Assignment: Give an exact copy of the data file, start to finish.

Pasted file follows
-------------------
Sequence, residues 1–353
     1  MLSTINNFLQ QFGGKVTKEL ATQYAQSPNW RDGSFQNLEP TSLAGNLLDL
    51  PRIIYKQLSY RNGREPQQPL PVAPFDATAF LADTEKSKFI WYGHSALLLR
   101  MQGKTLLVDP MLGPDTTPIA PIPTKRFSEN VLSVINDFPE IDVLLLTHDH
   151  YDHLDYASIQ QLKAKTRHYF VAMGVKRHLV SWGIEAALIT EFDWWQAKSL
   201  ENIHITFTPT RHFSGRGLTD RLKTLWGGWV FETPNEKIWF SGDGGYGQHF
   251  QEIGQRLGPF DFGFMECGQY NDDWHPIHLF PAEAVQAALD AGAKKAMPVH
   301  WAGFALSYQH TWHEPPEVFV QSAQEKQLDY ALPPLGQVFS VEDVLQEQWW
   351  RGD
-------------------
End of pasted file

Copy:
Sequence, residues 1–353
     1  MLSTINNFLQ QFGGKVTKEL ATQYAQSPNW RDGSFQNLEP TSLAGNLLDL
    51  PRIIYKQLSY RNGREPQQPL PVAPFDATAF LADTEKSKFI WYGHSALLLR
   101  MQGKTLLVDP MLGPDTTPIA PIPTKRFSEN VLSVINDFPE IDVLLLTHDH
   151  YDHLDYASIQ QLKAKTRHYF VAMGVKRHLV SWGIEAALIT EFDWWQAKSL
   201  ENIHITFTPT RHFSGRGLTD RLKTLWGGWV FETPNEKIWF SGDGGYGQHF
   251  QEIGQRLGPF DFGFMECGQY NDDWHPIHLF PAEAVQAALD AGAKKAMPVH
   301  WAGFALSYQH TWHEPPEVFV QSAQEKQLDY ALPPLGQVFS VEDVLQEQWW
   351  RGD